- Inconsistent desktop experience: Users typically have to live with an inconsistent desktop experience each day, not just in terms of the issues already mentioned, but also the data and applications they work with. As users will access a different server when logging-on, information that was saved in a previous session may not always make its way over from one server to another.

- Security concerns: Due to the shared access to the same infrastructure, any security issues that affect one user will normally impact all users. In the face of a security threat, such as a virus or malware, the whole system usually needs to be shut down - which can clearly have a major impact on the productivity of your business.

- Constant reboots: A well-known issue that users have to live with is the continuous need to log off and back on if fixes need to be implemented. If a particular terminal server encounters an issue, then everyone must close their session and either wait for the fix to be completed, or try to access an alternative server.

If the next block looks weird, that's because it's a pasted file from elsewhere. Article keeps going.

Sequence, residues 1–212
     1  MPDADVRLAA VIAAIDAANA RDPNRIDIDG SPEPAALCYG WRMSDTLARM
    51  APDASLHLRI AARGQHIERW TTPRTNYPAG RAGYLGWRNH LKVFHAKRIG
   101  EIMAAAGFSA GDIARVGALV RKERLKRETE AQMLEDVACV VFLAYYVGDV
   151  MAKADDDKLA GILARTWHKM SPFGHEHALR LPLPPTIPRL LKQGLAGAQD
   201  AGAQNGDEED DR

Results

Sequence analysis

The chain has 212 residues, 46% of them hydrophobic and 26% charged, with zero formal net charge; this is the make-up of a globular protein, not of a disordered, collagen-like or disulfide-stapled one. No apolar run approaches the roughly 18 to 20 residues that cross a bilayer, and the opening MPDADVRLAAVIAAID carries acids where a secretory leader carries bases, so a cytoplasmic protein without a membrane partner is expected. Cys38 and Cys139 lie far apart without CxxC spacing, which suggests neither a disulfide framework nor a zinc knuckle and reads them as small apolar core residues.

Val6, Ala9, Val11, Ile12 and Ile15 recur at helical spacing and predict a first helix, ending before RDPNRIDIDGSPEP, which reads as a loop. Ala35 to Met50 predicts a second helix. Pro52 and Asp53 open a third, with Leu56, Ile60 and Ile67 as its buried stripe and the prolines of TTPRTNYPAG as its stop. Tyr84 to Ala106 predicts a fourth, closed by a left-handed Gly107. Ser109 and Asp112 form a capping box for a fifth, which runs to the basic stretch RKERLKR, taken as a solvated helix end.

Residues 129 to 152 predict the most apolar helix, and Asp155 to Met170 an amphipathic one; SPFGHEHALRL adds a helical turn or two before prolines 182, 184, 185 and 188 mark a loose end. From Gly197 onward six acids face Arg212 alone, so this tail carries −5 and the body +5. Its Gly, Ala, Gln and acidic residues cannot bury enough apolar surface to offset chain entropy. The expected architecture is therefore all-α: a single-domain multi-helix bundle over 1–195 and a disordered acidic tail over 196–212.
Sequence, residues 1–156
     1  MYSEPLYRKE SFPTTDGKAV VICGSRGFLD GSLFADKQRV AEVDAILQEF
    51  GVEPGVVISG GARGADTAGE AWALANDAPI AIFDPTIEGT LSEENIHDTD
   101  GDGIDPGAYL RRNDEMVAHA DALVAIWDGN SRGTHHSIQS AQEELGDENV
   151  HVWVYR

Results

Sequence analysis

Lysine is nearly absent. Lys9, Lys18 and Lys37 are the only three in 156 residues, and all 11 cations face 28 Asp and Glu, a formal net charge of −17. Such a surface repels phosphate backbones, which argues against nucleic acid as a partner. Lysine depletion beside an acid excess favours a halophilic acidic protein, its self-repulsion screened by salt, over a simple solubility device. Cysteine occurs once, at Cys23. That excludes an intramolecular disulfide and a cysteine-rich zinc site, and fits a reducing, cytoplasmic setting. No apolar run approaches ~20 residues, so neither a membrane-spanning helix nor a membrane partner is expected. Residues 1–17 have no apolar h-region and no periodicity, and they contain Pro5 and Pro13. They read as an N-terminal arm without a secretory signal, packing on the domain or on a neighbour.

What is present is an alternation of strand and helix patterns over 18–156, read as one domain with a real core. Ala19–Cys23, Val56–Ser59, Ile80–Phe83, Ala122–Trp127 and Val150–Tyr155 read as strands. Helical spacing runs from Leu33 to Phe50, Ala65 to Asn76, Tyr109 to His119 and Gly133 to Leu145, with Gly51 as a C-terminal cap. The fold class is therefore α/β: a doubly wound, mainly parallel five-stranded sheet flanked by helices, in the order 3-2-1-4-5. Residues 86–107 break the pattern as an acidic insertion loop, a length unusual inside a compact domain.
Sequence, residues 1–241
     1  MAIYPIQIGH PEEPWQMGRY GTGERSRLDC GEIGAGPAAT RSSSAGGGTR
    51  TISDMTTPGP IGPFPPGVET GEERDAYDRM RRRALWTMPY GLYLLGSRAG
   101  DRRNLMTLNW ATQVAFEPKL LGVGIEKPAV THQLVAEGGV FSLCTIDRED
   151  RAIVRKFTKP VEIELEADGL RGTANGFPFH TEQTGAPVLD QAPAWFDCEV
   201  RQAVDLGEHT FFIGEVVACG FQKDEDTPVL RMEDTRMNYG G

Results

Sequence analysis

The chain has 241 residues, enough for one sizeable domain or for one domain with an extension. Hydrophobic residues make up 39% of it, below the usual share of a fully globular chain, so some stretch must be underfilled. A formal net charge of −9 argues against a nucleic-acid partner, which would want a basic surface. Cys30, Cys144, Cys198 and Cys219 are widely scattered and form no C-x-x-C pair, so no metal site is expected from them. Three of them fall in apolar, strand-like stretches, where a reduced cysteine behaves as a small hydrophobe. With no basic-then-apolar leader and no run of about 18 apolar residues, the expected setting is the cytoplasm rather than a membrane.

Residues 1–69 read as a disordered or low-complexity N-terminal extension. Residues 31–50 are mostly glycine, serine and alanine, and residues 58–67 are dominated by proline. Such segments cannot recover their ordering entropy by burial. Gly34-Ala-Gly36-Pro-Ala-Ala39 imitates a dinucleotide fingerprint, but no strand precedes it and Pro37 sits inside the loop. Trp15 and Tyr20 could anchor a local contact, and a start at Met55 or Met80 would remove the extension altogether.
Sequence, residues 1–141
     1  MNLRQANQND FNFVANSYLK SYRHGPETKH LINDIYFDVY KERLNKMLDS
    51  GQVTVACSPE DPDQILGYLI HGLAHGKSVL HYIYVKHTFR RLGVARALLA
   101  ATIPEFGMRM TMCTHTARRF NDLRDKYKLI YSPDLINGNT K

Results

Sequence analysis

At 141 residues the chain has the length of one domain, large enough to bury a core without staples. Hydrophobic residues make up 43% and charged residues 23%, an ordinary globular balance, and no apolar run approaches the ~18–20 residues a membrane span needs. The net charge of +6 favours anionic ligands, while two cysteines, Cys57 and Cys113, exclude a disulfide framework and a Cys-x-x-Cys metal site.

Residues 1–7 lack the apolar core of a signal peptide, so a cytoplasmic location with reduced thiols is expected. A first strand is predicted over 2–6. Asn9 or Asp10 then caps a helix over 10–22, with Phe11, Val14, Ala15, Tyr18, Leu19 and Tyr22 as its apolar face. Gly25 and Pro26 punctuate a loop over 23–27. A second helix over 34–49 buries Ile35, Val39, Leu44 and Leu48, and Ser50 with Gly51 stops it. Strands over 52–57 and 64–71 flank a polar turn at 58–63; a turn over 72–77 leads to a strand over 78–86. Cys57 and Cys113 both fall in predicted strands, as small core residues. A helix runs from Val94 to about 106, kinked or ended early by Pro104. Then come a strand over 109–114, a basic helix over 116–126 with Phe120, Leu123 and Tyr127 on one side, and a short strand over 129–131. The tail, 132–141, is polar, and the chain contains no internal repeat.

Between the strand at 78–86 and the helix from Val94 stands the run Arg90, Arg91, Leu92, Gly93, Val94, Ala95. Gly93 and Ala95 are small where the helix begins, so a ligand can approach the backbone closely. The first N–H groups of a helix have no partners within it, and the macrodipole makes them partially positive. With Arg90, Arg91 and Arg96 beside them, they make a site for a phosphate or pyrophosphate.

- Complex updates: System updates are often complex to manage and time-consuming to implement in an RDS environment. This is due to the poor compatibility associated with RDS technology. Any software update that needs to be rolled out would also require all users to be logged off, which results in workforce disruption or inconvenient out-of-hours maintenance. A further issue associated with RDS solutions is that testing can often be problematic. This is due to the fact that any changes made will impact the live environment, meaning users will have to stay off the server until a fix is fully tested and deployed.